One of the true pleasures of programming is finding some niggling little problem and solving it with a simple bit of code. If you can solve it in a couple of hours, even better.
When I blog I tend to speak what I'm typing. If it doesn't sound right when I say it, it probably wont sound right when you read it.
One of the problems I have when I blog is that I talk faster than I type. I talk faster than I think. I start typing, and then I get a flash of inspiration. I run the idea through my head, and then, half a virtual page later, I realize that I haven't written anything down.
Then I have to try to recreate the idea from memory, but the flash is gone. By the time I've rebuilt it, or accept that I've forgotten it, my original thought is out playing in the yard and won't come back.
It frustrates the hell out of me.
I started playing around with ideas to making blogging easier.
At first I tried to check out the state of computer speech recognition. I figured I'd just blab on in my blog, and then I'd go through and clean it up by hand.
Computer speech recognition is still slow, expensive and it still sucks. Trying to run a editing session without using a keyboard is slower than typing with 2 fingers. I also wanted to blog via Linux, so firing up a Windows product ain't getting the job done.
Next it tried to do some sort of integration of speech and text together.
I envisioned loading a sound file into a sound editor, where I could chop it up and move it around. While editing the sound, I'd join text to it. When I moved a blob of sound, text that went with it would move to. Eventually I'd piece a blog out of all my rattlings on.
I still think that this is an interesting solution, but man, it would be some work! I also I think I'd end up with a crappy sound editor linked to a crappy text editor. No dice.
I also had a minor epiphany. I'm not going to keep these sound files around forever. I'm just brain dumping to a file for a few minutes until I've finished typing my original though. After that I can replay the recording and transcribe anything I think is useful.
I already know how to record from a mic on my Linux box. Adding that to my new insight I wrote a shell script that turns on the sound recorder, dumps the contents of the microphone into a file and, when I stop recording, plays it back (that way I can tell if I forgot to turn on the mic or something).
It worked like a charm! Every time I needed to make a note, I just fired up the script, decided on a name for the sound file and away I went. It was a little awkward, but a big step forward.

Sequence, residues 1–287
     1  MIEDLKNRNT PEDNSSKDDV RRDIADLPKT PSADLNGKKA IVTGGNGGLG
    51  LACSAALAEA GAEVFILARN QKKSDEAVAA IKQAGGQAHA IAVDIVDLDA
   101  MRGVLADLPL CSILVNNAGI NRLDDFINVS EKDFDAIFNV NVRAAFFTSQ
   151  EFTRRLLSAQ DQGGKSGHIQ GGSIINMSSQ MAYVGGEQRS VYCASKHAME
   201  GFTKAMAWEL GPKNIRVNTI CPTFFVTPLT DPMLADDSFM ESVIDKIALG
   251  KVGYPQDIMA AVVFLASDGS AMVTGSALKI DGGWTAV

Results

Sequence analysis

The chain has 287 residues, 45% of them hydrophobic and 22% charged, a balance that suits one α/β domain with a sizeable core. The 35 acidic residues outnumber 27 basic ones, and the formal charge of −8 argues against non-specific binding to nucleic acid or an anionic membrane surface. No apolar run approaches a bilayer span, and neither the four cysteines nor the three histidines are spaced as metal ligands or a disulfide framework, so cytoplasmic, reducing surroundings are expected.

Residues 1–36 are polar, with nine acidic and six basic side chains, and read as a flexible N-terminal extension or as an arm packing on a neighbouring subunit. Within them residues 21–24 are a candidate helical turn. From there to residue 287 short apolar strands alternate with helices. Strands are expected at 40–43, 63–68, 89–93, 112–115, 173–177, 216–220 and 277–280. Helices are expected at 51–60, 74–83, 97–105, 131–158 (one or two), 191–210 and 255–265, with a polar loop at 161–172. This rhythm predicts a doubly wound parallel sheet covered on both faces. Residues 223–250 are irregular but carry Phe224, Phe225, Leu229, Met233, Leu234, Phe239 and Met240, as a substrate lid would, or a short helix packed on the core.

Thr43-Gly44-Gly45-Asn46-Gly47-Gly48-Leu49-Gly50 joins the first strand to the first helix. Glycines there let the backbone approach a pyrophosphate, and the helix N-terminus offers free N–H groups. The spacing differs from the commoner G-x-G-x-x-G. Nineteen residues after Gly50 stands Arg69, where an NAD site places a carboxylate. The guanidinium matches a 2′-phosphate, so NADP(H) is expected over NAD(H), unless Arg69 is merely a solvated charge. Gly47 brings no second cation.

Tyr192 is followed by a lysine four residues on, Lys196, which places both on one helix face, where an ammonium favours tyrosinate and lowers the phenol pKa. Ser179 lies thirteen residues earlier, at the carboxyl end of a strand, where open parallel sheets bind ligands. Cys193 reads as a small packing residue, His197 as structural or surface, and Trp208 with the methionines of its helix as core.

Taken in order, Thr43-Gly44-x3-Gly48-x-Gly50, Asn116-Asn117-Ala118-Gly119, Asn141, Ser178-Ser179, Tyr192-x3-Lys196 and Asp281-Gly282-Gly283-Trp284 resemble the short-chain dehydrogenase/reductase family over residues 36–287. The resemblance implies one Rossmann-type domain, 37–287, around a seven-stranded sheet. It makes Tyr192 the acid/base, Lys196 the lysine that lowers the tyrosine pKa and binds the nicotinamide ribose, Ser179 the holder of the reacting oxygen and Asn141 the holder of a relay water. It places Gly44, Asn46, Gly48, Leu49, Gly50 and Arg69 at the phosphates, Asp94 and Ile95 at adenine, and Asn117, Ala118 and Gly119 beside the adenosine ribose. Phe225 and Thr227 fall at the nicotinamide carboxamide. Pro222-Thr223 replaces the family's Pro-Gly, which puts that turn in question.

I called the script "sound_bite".
After than I needed to come up with a way to play back my sound bites, so I started adding flags to play the last sound bite or the first sound bite or list the sound bites and let me pick. Then, another epiphany! They're just frigging .wav files! Maybe I could just double click on them in my file manager. Oooo. Me one smart monkey!
Actually, once I got the file manager into the game, it cleaned up a lot of code. I didn't have to tell the recorder where to put the sound files, I would always put them into the same directory and give them a time stamp for a name. If I wanted to organize them better, I'd use the file manager to rename them or move them elsewhere.
The only thing left was making it easier to use. Typing in the command every time is a minor pain. I needed a quicker way to access it. That was easy too.
I hooked up sound_bite to a shortcut which put all the .wave files into the directory "sound_bites". I made another shortcut to bring up the file manager in "sound_bites" directory. I'm sure I could come up with a few dozen little tweaks, I know enough to stop typing when I'm done.
I'm now an official audio driven blogging fool!
Here is the entire source code for sound_bite. You may have to play with it a bit because the blogger code likes to play with it.
# Sound_bite: Written by Dale Wiles 6/2/09.
# Exit if an error occurs.
set -o errexit
if [ $# -eq 0 ]; then
Usage: $0 directory
Move to DIRECTORY and start recording a wave file from the microphone.
The name of the wave file is yymmdd_hhmmss.wav.
cd "$sound_dir" || exit 1
# Make the output name based on the time, down to the second.
# That way I can't overwrite existing files.
# Alright, in theory during daylights savings time it could
# overwrite. I've added code for that almost impossable situation.
while :; do
if [ ! -e $out ]; then
echo "Recording $sound_dir/$out"
sox -t alsa default -v 7 $out
echo "Playing $sound_dir/$out"